Righting America

A forum for scholarly conversation about Christianity, culture, and politics in the US
Horror in Dayton | Righting America

by William Trollinger

Bodies removed from the scene of the mass shooting in Dayton, Ohio on August 4, 2019. Photo credit: John Minchillo of AP.

Thanks to all of you who have reached out in response to this weekend’s mass shooting here in Dayton. There are no words for the sadness Sue and I feel for the victims and their families and their friends, and for our city. The photos of bodies on the street in our beloved Oregon District – just three miles from our house, and home to a wonderful collection of restaurants and bars and shops – brings us to tears. And all of this is made worse by the fact that this slaughter took place just a few hours after an even deadlier attack in El Paso. 

El Paso and Dayton are the sites of the 250th and 251st mass shootings in the United States this year. Considering that August 04 is the 216thday in 2019, and given that there were two additional shootings on Sunday, we are averaging 1.17 mass shootings every single day. America the Violent is an understatement.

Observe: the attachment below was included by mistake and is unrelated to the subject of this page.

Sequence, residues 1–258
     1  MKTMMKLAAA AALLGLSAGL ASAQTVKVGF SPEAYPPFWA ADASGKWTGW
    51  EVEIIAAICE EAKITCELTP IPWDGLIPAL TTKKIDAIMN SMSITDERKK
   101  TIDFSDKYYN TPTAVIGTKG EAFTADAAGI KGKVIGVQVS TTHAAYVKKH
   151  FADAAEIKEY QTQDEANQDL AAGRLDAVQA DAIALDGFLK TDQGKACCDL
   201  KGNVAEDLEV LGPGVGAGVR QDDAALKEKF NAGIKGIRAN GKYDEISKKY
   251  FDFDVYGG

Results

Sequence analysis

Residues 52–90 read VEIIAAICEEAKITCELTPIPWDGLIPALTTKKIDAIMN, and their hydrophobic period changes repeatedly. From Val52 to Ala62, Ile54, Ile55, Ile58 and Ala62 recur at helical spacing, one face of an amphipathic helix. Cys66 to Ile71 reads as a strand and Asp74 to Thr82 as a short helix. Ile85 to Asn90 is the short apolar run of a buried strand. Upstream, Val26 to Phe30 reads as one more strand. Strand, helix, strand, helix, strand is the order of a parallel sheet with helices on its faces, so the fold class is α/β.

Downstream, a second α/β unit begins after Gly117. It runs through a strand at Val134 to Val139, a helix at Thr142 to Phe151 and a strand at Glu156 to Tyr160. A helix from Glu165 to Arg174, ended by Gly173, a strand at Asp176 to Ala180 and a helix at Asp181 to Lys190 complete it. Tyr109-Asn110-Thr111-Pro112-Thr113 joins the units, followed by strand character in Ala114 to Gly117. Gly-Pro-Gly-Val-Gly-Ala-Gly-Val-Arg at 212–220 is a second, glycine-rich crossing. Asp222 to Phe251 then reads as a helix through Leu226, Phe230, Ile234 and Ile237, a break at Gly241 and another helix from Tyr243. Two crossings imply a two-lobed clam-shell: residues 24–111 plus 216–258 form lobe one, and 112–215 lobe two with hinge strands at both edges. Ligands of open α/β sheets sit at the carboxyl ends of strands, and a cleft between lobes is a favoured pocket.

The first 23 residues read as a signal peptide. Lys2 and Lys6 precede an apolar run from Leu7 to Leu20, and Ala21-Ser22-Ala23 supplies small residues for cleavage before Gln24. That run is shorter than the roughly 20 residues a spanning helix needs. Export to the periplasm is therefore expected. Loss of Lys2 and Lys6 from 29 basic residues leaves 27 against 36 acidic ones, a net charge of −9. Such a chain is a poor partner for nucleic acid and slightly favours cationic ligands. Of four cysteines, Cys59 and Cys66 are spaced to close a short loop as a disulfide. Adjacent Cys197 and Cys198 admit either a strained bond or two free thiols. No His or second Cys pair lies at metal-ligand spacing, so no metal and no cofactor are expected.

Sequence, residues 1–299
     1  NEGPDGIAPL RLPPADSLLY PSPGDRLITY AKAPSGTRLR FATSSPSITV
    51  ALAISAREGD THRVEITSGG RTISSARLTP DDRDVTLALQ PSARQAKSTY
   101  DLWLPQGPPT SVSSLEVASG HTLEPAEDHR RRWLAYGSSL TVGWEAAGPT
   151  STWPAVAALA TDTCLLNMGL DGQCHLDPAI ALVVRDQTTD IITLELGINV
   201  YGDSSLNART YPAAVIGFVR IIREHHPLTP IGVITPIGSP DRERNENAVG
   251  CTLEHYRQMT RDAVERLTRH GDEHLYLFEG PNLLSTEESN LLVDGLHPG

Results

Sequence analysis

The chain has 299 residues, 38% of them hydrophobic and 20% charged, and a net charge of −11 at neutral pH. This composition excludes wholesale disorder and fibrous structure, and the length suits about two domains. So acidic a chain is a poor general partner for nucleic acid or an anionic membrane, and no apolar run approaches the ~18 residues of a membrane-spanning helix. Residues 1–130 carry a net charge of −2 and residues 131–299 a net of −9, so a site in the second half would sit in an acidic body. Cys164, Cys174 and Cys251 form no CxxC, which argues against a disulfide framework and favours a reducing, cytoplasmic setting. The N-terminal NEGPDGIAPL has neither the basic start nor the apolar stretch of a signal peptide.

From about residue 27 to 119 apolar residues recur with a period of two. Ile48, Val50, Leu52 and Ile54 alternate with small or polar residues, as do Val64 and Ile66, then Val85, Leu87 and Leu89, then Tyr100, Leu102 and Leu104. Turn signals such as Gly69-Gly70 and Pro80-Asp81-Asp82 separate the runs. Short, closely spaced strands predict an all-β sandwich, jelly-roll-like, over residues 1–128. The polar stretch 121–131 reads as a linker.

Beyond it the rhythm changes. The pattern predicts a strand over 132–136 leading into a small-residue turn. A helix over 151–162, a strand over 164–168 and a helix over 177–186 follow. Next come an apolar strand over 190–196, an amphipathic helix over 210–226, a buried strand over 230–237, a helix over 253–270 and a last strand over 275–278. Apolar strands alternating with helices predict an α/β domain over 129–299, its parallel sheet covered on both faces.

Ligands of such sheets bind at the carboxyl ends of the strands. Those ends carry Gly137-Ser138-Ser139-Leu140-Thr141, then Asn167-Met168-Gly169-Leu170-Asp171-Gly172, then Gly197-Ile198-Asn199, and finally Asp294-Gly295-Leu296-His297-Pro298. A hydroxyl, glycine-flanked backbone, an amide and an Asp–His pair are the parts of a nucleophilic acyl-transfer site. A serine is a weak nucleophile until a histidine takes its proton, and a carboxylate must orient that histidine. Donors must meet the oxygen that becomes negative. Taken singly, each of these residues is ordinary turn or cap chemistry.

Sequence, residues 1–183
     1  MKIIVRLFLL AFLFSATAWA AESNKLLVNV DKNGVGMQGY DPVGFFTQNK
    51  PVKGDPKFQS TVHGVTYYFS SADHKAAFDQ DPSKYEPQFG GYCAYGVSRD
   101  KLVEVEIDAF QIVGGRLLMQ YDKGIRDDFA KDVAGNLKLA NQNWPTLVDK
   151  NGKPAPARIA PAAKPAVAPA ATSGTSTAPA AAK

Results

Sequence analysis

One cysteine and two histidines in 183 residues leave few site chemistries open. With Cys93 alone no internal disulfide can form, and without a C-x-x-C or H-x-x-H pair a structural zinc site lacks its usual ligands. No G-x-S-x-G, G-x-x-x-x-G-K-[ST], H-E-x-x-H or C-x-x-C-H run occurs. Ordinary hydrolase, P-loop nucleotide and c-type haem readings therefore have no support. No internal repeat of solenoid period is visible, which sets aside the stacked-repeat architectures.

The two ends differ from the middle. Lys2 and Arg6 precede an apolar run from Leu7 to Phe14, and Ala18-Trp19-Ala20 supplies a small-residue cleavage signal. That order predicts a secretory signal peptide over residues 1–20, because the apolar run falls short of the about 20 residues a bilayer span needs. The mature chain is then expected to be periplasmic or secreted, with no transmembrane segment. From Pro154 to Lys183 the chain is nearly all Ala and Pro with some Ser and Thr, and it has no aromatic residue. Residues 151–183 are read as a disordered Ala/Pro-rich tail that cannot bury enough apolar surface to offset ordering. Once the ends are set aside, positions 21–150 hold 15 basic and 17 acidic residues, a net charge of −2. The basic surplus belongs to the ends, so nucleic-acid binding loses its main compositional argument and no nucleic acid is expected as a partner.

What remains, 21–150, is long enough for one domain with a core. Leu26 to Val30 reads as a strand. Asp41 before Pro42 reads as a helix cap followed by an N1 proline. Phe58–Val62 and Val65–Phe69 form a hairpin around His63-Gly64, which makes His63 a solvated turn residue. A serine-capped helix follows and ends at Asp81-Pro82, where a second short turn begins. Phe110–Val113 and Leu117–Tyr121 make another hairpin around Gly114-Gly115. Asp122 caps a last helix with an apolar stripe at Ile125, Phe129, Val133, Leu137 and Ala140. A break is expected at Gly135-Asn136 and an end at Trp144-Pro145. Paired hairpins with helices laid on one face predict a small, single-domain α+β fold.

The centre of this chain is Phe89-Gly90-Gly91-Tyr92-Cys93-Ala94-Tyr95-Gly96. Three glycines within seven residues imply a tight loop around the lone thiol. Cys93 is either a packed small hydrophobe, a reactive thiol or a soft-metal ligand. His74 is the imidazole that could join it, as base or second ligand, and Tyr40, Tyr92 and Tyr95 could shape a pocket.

The slaughter here in Dayton comes but ten weeks after fifteen tornados – four of which carried winds of 150-200 mph – ripped through our city and its environs. In the wake of the mass shooting  Dayton’s mayor Nan Whaley (a University of Dayton graduate) observed that

We have suffered two tragedies in Dayton this year, but one was avoidable. This same tragedy has been inflicted on our nation 250 times this year alone. When is enough, enough?

In response, on Sunday Ohio Senator Sherrod Brown called on the Senate to take up and pass the background check bill and the ban on assault weapons that Mitch McConnell has refused to bring to a vote. 

By contrast, Ohio Senator Rob Portman called for more attention to be paid to mental health counseling, and Mike Turner – a Republican who represents Dayton in the House, and whose own daughter was in the Oregon District at the time of the shooting –  called for a “National Conversation” about mass shootings.

It’s good to know that we can do more than simply say that “our thoughts and prayers are with you.” We can now offer a willingness to chat.

Talk about being in thrall to the gun lobby.